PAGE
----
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Archive for the ‘Technique and Demo’ Category

We have some Twachtmans at the Art Institute. They are snowy landscapes, often with a rivulet. Above, “Icebound.” White-white-white.  White in a painting can be daring because it tends to read like “nothing,” like blank canvas.  But that’s exactly what I find so exciting.

Then there’s this Twachtman at the Cincinnati Art Museum, “Springtime.”

 

I gasped. Can you see the brushstrokes suggesting those trees?  Brushstrokes like that don’t “just” happen.  But, of course, they did.  Just.

Twachtman was born in Cincinnati of German immigrant parents, then studied in Munich with Frank Duveneck, born in Covington, Kentucky also of German immigrant parents.

Read all about it!

https://www.wikiart.org/en/john-henry-twachtman

https://en.wikipedia.org/wiki/John_Henry_Twachtman

https://www.nga.gov/collection/artist-info.1940.html

Duveneck was a dynamic teacher and artist. Twachtman found his love of white-white-white by himself.  Here’s Duveneck:

Read about  Duveneck:

https://www.nga.gov/collection/artist-info.1258.html

http://www.the-athenaeum.org/art/list.php?m=a&s=tu&aid=391

All contents copyright (C) 2010 Katherine Hilden. All rights reserved.

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This is the café in the Cincinnati Art Museum. The desirable spots near the window were all taken and I had to content myself with a small table against a wall. Oh, well. It was not a spot to be seen in but a spot from which to see.  You can practice seeing anywhere.  And behold, here I had a scene with back-lighting.

Back-lighting creates a stark lighting contrast.  It simplifies forms.  Dark-light.  Positive space-negative space.

The first image, above, illustrates a woman sitting on a bar stool, absorbed in her reading.  In the composition she is centrally situated and framed by the window in the background. The picture is about her and invites the viewer to wonder what kind of life she might have and what she would be reading.  The pitcher, more in the foreground, might nudge the interpretation towards trite symbolism.

The second image is more edgy. The woman is not central to the composition

anymore. She now occupies a small area to the left.  Most of the pictorial space, about two-thirds, consists of blocky rectangular planes. The woman is still the psychological focus, but these rectangular shapes not only dominate the pictorial surface but seem to impinge on her presence, with the top layer actually pushing against her face.  This tension and imbalance makes picture #2 more engaging than #1.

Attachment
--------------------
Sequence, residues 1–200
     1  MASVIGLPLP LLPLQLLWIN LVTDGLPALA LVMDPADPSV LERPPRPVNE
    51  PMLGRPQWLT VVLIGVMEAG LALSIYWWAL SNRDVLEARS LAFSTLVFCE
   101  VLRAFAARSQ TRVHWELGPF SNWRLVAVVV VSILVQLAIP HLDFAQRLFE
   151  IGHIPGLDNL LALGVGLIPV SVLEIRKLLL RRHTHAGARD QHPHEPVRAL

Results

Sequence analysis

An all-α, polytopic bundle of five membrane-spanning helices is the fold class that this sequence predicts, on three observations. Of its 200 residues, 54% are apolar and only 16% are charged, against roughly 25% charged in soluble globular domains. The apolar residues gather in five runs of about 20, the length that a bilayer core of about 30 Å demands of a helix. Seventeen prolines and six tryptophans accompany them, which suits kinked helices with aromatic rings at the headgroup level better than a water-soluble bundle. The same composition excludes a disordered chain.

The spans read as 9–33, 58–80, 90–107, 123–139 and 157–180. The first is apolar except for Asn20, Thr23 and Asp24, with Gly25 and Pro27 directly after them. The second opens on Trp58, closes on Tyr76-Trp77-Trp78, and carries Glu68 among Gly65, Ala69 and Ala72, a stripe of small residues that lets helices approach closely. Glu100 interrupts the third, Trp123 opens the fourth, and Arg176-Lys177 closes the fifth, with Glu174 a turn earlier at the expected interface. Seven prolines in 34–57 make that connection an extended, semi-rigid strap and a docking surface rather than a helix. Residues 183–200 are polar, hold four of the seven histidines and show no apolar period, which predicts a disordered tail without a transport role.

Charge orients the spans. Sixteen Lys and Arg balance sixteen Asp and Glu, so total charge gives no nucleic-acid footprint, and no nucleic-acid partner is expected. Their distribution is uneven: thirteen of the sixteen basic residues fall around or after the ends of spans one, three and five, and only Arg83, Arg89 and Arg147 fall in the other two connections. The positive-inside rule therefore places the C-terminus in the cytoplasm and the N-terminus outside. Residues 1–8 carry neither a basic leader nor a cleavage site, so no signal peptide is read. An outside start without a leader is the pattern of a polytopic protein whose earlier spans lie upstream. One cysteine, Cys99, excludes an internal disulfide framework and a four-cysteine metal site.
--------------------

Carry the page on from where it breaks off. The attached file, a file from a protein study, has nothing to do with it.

Now look what happens in #3.  At the center of the composition we have negative space —that is, nothing. It’s a narrow gap separating the human form from the rectangular.  Almost.  If the gap were uninterrupted, it wouldn’t be so interesting.  But the hand holding the booklet bridges the figure to the rectangular mass on the right. The back-lighting here separates foreground sharply from background, dark from light. Therefore, we are not invited to psychologize about the woman. Instead we’re free to roam through the composition, noticing gradations and transitions, alignments, contrasts and echoes.

The pitcher? Yes, it echoes the shape of the woman, but it doesn’t lead your imagination into the ol’ 19th century odalisque motif. It’s as flat a shape as the cross-section of the bar, thanks to the back-lighting.

And…that sliver of light between the bridge of the nose and the window frame.

My salad came. I slid my little Canon back into my pocket.  My seeing exercise might have taken thirty seconds.  It’s only when I had time to look at these three photos on my computer that I noticed these intricacies.  That’s another exercise in seeing.  Took, oh, better part of an afternoon.  The pleasure of seeing.

All contents copyright (C) 2010 Katherine Hilden. All rights reserved.

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The shapes and colors in this painting are so simple and straight forward that your first impulse may be to label what you’re seeing.  What is being depicted here?  What is the artist trying to tell me?  Must be something or else there would be more ambiguity, right?  But notice that your efforts to interpret along these lines (lines !) fail. Granted, someone in class saw a black terrier.  Now suppose you take that suggestion and think of the painting as being a depiction of a black terrier.  Try. This will last you a second and then fizz away.

Imagine these shapes in soft pastel colors.  You can even imagine them outlined in neat bold lines.  What happens in your mind?  Nothing.

The effect of this painting relies on high contrast colors. Because of the high contrast, you expect a statement. Your expectation is not fulfilled. Instead you see blocks of color applied with a pallet knife, leaving raggedy edges.  Therein lies your pleasure in looking at this.

Painting in acylic, 36”x36,” by Janice Fleckman

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How can something so wrong be so right?

Because you enjoy looking at this drawing you may not immediately see that the shadows are all wrong. How are the shadows wrong?  Can those horizontal scratches even be called shadows?  No, they’re not shadows in the sense that they help define the roundness of the figures.  Yes, they evoke the idea of a shadow.